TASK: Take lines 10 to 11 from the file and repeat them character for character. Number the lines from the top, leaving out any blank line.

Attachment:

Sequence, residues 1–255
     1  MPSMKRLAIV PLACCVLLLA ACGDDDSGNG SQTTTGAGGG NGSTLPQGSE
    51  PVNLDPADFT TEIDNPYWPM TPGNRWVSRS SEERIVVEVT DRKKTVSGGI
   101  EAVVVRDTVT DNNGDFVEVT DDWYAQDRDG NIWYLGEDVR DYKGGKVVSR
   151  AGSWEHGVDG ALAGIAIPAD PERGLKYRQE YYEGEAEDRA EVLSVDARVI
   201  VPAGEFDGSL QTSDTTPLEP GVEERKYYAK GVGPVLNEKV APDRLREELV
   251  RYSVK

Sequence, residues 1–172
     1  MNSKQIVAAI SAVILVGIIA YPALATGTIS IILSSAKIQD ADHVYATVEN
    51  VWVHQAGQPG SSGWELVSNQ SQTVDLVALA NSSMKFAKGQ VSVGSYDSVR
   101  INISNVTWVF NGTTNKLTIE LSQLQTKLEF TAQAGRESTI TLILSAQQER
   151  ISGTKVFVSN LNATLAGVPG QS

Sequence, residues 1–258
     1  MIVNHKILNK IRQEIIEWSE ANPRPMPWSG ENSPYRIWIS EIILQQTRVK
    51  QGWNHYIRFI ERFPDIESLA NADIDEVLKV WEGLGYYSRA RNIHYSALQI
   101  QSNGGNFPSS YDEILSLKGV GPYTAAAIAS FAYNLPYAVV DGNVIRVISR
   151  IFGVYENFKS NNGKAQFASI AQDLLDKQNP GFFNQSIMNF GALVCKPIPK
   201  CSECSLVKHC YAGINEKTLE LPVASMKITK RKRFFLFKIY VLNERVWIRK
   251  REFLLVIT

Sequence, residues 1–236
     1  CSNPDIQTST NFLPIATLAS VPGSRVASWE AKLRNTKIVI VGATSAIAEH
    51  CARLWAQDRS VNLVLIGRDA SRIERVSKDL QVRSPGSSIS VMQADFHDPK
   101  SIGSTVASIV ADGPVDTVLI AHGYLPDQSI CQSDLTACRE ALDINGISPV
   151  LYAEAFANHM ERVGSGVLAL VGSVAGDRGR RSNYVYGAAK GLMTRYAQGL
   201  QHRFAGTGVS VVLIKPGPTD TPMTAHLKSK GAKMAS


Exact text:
    51  VWVHQAGQPG SSGWELVSNQ SQTVDLVALA NSSMKFAKGQ VSVGSYDSVR
   101  INISNVTWVF NGTTNKLTIE LSQLQTKLEF TAQAGRESTI TLILSAQQER